New evidence indicates the possible sexual assault of a New York lawyer found dead at a tropical Club Med resort in 2018, according to court documents revealed Friday as a part of an inquest into her cause of death.
Marie Kuhnla, a 62-year-old public defender in Suffolk County, New York, died of homicide by manual strangulation while on vacation with two colleagues to Turks and Caicos in October of that year, the medical examiner ruled after authorities discovered her body in a bush on a remote area of the resort.
But a new inquest, a hearing aimed at determining her cause and manner of death in court despite the doctor’s findings, has prompted concerns from her family of a potential cover-up as well as the revelation of previously undisclosed evidence in court.
“It’s obviously really painful and difficult news,” Rick Kuhnla Jr., who attended the proceedings virtually, told Fox News Digital. “Seeing the police officer read out that information in court was the first we’d heard of it… It just confirms the cover-up. I think there is no denying that this was a police cover-up anymore.”
The DNA test results, dated Dec. 7, 2018, were not made public until Friday, according to Abe George, an attorney representing the family in a wrongful death lawsuit in the U.S. They were based on samples collected between the discovery of her remains on Oct. 16 of that year and Oct. 20, when police took evidence from a male guest’s room at the resort.
The DNA analysis found semen on Kuhnla’s underwear and male DNA on her room’s door but not enough for a match. Kuhnla’s clothes, hands and groin also showed blood.
“The bottom line is that Club Med and police have been telling us for years that despite what their own ME found this was an accident,” Kuhnla’s son told Fox News Digital. “But the lab report shows blood on almost every article of clothing/personal effect she had in addition to seminal fluid on [her] panties.”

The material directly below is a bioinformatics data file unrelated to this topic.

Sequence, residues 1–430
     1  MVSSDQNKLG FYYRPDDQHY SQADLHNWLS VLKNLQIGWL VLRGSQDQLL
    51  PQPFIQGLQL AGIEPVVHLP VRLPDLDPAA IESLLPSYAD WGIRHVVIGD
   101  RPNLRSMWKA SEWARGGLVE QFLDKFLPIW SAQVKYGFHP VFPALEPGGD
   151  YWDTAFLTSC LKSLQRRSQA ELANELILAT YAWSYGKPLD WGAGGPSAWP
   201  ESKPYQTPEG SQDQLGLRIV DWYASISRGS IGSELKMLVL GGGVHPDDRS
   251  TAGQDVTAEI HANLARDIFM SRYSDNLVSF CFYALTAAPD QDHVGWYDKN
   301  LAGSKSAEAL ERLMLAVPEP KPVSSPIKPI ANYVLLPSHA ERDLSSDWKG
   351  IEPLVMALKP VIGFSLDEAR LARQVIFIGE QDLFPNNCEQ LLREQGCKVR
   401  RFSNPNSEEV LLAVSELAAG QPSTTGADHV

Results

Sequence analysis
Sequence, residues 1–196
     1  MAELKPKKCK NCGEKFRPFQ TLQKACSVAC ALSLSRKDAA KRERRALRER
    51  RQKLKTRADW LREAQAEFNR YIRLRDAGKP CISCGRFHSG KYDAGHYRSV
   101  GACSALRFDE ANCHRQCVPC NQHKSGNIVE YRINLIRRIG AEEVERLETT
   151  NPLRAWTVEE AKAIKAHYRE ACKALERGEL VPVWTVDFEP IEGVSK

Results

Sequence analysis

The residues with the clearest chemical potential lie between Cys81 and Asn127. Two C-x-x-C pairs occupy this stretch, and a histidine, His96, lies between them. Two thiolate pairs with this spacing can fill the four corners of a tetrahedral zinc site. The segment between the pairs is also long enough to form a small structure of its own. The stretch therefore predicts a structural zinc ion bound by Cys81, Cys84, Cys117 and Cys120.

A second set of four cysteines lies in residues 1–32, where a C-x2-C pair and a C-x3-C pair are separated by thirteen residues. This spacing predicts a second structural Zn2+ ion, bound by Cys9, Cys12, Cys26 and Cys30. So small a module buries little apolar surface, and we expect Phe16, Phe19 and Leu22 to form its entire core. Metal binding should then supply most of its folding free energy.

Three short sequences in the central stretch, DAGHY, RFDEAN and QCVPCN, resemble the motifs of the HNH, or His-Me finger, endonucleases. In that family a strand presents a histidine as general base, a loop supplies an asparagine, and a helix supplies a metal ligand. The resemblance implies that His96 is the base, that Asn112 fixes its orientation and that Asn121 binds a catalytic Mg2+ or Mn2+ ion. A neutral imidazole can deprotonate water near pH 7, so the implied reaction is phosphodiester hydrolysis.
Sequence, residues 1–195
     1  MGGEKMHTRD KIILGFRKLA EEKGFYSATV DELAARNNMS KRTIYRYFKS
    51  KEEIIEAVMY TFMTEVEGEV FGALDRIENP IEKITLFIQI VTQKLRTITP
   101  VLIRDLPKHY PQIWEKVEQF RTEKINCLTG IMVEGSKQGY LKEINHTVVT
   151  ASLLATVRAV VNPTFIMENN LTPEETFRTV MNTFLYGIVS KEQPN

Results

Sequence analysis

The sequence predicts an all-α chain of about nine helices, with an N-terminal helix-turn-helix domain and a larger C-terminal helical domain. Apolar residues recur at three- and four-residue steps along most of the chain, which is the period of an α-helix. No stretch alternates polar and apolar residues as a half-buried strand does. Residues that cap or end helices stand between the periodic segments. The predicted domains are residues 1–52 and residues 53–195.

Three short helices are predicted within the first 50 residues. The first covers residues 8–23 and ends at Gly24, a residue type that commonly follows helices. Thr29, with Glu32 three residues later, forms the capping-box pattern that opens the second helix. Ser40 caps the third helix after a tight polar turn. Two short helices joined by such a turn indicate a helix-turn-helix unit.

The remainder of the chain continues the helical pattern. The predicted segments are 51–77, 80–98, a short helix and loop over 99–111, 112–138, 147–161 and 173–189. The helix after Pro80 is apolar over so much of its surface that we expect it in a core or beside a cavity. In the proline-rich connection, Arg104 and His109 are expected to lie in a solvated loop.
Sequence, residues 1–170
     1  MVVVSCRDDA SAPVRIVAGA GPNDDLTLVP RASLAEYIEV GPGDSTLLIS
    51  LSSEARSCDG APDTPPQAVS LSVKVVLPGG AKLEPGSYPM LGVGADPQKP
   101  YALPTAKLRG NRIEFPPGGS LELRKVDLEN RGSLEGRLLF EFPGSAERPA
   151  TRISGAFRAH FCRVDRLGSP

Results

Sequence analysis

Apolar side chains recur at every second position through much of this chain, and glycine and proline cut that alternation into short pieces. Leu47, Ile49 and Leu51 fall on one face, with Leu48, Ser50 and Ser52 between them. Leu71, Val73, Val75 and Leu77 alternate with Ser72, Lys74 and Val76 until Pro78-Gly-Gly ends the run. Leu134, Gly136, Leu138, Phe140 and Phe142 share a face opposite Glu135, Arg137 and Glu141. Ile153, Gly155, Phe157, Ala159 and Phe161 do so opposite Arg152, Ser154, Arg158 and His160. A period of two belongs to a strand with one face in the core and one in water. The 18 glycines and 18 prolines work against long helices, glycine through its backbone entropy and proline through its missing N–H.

He said he had been skeptical about the inquest’s legitimacy until the family’s local counsel, Peter McKnight, had a chance to cross-examine witnesses, which led to the DNA revelation. But he said he remains worried pending the inquest’s final outcome.
Trevor Botting, the island nation’s police commissioner, said he could not comment until the court proceedings concluded.
Investigators responded to a report of a woman’s body discovered on Oct. 16, 2018, the Royal Turks and Caicos Islands Police Force said. Two of Kuhnla’s colleagues vacationing with her reported her missing the previous day, and she was last seen alive on the 14th with Frank Yacullo Jr., according to police documents, the man from whose room they collected evidence.
He had been spending time with Kuhnla, the documents state, and had been a Club Med employee in the 1990s, according to her family’s civil lawsuit.
The medical examiner, Dr. Michael Steckbauer, found her death to be a homicide by manual strangulation.
Dr. Steckbauer fiercely defended his findings in court during the inquest and is also a witness in the family’s wrongful death lawsuit.
There was also evidence that she had been dumped at the location and had not walked there herself, according to Ed Dowd, a private investigator working with Kuhnla’s son and widower.
The wrongful death lawsuit, filed in Nassau County, New York, alleges an attempted cover-up of the circumstances surrounding Kuhnla’s strangling, a mishandling of her remains and obstruction.
A Turks and Caicos investigator visited Kuhnla’s widower, Rick Kuhnla Sr., in 2019 and floated the possibility that the woman’s death had been an accident, according George. The family rejected that theory – citing the official medical examiner’s findings and other evidence that Dowd uncovered.
The wrongful death suit also names Yacullo as a potential suspect. Police found a woman’s DNA in his room, but it was not a match for Kuhnla. He had separately been accused of groping one of her friends, made bail and returned to the U.S. Attempts to reach him for comment were not immediately successful.
Kuhnla suffered broken ribs, bruising on her inner thighs and had been partially disrobed, Dowd told Fox News Digital last week. Even before the DNA report, he said she may have been sexually assaulted before her death and that despite being found 100 yards away from her shoes, her feet were devoid of dirt, brambles or scratches, indicating that she’d been carried to the location and did not walk there herself.
The inquest continued Monday and will eventually be placed in the hands of a Turks and Caicos jury.